Robert Horry icing the competition from three-point range ... again
Defending Robert Horry is like filing a tax return. It needs to be done, but more pressing matters invariably arise. There are distractions, a parade of reasons and opportunities to procrastinate just a little longer.
And then, with time running short, you pay.
He's been taking and making the big shots in the postseason since his back-to-back championship days in Houston, and he's doing it again this year, knocking down not one but two series-clinching three-pointers. Surely Horry has the deadliest 8.0-point scoring average in the 2002 playoffs.
First Round, Game 3 vs. Portland:
As he has throughout his career, Horry has stepped up in the postseason.|
Jeff Gross/NBAE/Getty Images
Horry's series-winner vs. Portland:
With the Lakers down by two, Kobe Bryant
draws everyone's attention with a drive to the hoop, then finds Horry spotted up in the corner all alone. The dish, the shot, Lakers take a one-point lead with 2.1 seconds on the clock. Series over.
After the game, Horry's description of the play was straight out of The Matrix.
"The guys on their bench were yelling and then all of a sudden everything slows down for you, and I shot it and made it."
Bryant was more philosphical.
"It's cash," he said. "He's done it so many times."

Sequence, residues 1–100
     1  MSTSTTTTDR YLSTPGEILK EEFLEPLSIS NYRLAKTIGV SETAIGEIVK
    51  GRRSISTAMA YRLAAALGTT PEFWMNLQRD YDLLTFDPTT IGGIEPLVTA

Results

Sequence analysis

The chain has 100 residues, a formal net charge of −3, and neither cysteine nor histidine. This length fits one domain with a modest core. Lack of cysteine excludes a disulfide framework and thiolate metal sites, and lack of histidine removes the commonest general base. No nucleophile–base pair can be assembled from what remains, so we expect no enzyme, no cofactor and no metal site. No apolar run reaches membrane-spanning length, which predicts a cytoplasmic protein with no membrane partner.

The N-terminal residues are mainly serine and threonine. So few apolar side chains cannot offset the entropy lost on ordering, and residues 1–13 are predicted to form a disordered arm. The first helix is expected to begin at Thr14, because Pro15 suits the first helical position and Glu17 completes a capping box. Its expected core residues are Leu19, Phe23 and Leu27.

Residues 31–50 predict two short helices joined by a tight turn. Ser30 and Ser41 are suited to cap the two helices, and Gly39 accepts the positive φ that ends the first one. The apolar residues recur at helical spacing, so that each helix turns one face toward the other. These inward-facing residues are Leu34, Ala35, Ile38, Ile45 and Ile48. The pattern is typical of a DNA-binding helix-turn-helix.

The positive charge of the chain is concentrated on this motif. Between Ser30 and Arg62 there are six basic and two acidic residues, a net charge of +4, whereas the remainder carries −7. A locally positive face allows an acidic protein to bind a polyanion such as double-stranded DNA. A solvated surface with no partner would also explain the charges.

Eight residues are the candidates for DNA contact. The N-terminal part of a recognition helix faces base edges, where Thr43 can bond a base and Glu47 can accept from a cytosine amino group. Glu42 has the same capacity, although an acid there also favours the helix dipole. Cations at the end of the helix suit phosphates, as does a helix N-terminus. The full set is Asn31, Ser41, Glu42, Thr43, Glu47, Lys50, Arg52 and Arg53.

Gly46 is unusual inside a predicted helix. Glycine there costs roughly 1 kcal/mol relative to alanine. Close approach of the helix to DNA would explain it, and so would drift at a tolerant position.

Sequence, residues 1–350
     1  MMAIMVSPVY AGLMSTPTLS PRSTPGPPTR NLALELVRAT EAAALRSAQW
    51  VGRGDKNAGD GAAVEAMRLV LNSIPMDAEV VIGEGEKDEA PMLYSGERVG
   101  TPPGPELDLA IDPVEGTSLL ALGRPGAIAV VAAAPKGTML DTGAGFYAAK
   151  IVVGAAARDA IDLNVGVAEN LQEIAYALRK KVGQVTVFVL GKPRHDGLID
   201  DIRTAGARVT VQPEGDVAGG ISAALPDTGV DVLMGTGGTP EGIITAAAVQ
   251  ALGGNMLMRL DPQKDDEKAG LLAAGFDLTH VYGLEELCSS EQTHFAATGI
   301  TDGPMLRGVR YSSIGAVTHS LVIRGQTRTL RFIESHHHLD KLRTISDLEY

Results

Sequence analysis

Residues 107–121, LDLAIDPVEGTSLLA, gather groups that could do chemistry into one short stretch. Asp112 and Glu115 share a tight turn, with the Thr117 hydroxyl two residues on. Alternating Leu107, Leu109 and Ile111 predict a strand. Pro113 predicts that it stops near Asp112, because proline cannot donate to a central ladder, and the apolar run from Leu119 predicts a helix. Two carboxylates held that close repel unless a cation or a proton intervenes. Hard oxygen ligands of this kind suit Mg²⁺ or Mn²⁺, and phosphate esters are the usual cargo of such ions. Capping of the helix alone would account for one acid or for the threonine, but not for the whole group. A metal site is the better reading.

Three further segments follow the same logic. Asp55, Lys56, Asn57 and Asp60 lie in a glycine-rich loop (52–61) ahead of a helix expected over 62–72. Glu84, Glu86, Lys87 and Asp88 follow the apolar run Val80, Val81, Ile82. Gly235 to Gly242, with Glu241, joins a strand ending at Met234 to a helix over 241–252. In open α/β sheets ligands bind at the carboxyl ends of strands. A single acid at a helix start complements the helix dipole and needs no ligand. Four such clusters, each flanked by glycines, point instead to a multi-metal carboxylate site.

Conference Semifinals, Game 5 vs. San Antonio: The situation isn't quite as dramatic, but with L.A. up by four and a minute left, the win is by no means a lock. Out comes the exact same play. Bryant into the lane, Horry spotted up in the right corner, the dish, the shot, Lakers take seven-point lead with 56 seconds to play. Series over.
This is what the top-seeded Sacramento Kings have to contend with when the Western Conference Finals begin tomorrow at Arco Arena. Not just Shaquille O'Neal's size and power or Bryant's confident athleticism, but a bevy of three-point shooters who are just filthy from long distance. Derek Fisher, Rick Fox and Brian Shaw are all dangerous, certainly, but thus far in the playoffs, none has delivered with Horry's impeccable timing or single-minded ruthlessness.
A reserve throughout the first round and into the second, Phil Jackson moved Horry into the starting lineup, supplanting Samaki Walker for the final three games against San Antonio. He responded by upping his averages a bit to 10.0 points and 6.0 rebounds per game, but the message was clear: Horry has been huge.
And though the real money has been his three-point shooting -- second on the team with a .409 percentage -- it's not just his offense. Horry has rebounded the ball as well -- ranking third on the team during the playoffs at 5.9 per game -- and is a solid defender, tying for the team lead in steals (2.38 per game) and occasionally drifting over from the weak side to block a shot.
It's a good bet, though not definite, that Horry will continue to start against the Kings, which means plenty of quality time with Chris Webber. C-Webb will likely get his 25 points (he played just one game against L.A. this year, scoring 24), but since Horry doesn't give up any size, he should be able to put a body on Webber down low and keep Sacramento's main man from going off.
Horry's advantage will come on the offensive end. Webber loves to play in the post and he could get frustrated chasing Horry around the perimeter while Kobe blazes through the lane or Shaq wreaks havoc inside. Leave Horry open, though, and those back-breaking, coffin-nailing, game-winning three-pointers will come.
Certain as taxes.